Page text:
The DWP Bolton and Bury Branch of PCS has over 600 members, based at the Bolton Universal Credit Service Centre and some of its connected local JobCentres at Bury, Prestwich, Bolton Great Moor Street and Bolton Blackhorse Street.

Here are some recent news articles and photos, featuring our Branch reps and members.


VICTORY
PCS circulated details of the end of the hated Ways Of Working to all affected members at the end of last week.

The total about-turn by UC management after the two days of Industrial Action shows that we can win. PCS full time officers will be coming to Bolton to gauge members feelings about acceptance of the revision and to take feedback about any issues that may still be there, due to the use of scheduling, even though all of the bad things WoW did have been reversed and there is an undertaking to never ever return to it.

PCS win massive improvements to working coinditions for members working on Universal Credit

   PCS win massive improvements to working coinditions for members working on Universal Credit


20.7.2015: Universal Credit dispute regarding Ways of Working:

Bolton and Bury PCS

From Bolton News, 5th June 2013:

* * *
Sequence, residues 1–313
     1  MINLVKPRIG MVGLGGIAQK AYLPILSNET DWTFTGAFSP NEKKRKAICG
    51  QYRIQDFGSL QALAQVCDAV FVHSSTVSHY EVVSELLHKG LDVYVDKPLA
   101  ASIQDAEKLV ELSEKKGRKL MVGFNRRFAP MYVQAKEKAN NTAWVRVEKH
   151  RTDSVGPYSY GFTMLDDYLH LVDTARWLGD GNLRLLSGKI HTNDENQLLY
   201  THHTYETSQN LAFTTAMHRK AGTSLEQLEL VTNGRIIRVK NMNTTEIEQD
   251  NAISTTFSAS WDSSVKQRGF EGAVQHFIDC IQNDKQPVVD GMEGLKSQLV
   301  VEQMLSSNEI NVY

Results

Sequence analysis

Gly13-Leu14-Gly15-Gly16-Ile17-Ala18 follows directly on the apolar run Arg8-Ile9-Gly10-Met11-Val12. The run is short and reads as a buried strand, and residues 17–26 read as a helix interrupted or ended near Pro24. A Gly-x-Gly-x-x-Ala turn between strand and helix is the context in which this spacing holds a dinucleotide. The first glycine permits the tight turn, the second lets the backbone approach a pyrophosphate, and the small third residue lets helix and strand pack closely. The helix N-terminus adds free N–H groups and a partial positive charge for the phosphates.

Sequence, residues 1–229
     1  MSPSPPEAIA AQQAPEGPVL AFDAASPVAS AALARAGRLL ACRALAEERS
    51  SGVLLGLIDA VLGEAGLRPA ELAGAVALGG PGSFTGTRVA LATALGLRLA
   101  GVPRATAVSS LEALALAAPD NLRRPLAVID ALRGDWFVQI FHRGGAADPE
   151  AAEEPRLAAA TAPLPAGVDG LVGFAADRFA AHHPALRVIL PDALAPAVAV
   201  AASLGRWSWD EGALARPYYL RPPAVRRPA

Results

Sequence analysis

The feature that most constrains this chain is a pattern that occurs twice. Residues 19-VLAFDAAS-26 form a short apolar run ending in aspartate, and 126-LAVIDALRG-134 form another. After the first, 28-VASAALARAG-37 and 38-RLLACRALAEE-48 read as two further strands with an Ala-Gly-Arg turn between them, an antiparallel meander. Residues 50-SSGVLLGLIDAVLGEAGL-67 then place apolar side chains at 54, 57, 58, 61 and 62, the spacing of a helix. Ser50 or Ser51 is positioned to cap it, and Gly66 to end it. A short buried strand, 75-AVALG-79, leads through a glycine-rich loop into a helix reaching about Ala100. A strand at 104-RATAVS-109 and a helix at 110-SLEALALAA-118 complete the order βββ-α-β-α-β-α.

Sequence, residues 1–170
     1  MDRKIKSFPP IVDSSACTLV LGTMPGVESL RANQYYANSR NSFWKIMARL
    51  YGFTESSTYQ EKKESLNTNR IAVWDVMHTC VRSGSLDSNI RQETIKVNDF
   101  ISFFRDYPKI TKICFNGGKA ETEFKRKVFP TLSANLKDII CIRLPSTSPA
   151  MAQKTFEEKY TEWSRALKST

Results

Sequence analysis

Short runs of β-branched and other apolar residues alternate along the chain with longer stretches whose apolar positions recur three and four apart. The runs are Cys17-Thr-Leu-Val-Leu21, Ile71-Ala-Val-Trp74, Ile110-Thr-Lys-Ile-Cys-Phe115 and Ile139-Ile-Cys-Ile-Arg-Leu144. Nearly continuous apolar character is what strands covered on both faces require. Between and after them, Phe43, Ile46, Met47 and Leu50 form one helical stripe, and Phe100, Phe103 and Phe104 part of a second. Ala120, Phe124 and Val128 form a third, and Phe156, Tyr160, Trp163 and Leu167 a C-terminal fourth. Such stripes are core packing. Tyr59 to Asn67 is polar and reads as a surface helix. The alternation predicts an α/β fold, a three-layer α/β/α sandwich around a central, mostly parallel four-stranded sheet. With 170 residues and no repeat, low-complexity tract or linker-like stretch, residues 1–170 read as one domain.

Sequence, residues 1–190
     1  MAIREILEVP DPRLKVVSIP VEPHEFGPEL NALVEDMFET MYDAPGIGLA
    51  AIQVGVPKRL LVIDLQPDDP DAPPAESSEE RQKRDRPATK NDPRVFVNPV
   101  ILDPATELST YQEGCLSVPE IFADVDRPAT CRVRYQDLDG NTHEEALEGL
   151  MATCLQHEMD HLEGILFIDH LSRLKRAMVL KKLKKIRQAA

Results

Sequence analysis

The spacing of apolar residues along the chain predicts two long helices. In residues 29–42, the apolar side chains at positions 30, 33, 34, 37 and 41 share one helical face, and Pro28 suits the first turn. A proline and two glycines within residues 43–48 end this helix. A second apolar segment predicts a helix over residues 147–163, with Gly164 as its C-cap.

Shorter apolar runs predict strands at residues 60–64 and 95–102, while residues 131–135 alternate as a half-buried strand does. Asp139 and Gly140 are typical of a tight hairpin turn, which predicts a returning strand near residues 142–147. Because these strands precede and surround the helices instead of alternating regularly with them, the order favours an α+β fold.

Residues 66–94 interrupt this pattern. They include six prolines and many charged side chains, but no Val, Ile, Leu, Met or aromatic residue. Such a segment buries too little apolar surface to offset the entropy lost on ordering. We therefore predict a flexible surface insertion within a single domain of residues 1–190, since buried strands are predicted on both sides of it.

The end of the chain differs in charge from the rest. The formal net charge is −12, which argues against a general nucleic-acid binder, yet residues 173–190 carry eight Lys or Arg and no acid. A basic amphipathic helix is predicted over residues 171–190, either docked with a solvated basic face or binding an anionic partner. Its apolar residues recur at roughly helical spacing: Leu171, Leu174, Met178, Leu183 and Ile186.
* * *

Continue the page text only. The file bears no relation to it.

PCS picket line
PCS picket line article

It's funny... almost. Someone came up to us when the newspaper photographer turned up and jokingly said "This is the bit it's all about." No offence, but that person just didn't get it. We wouldn't have minded being able go into work and doing our jobs, nice weather or not. But sometimes you have to stand up for yourselves and make your point. Otherwise, you just get trodden on. The majority aren't wrong.



2013 PCS Conference report, May 2013
: Compiled from reports by Ian Edmundson and Peter Entwistle

Monday
DWP Group Conference.


Monday’s DWP Group Conference had an unusually early start and late finish in order to get through as much business as possible in the reduced time that had been allowed. There was certainly no less business to discuss than in previous years. The DWP Group Conference mainly dealt with the motions we had been mandated upon regarding pay and terms and conditions and, despite the fact that there were issues that afftected us, which needed to be spoken about, Reps were very disciplined when it came to actually putting their hands up and instead, Conference worked in a very disciplined manner on getting through the business, compared to previous years where Reps would spend too much time posturing and waffling and scoring political points. Jane and Ian in the main voted on the motions on behalf of the Branch.

A couple of decent motions disappointingly fell as the proposing Branches were not represented at Conference, presumably due to the fact that annual leave had to be taken to attend.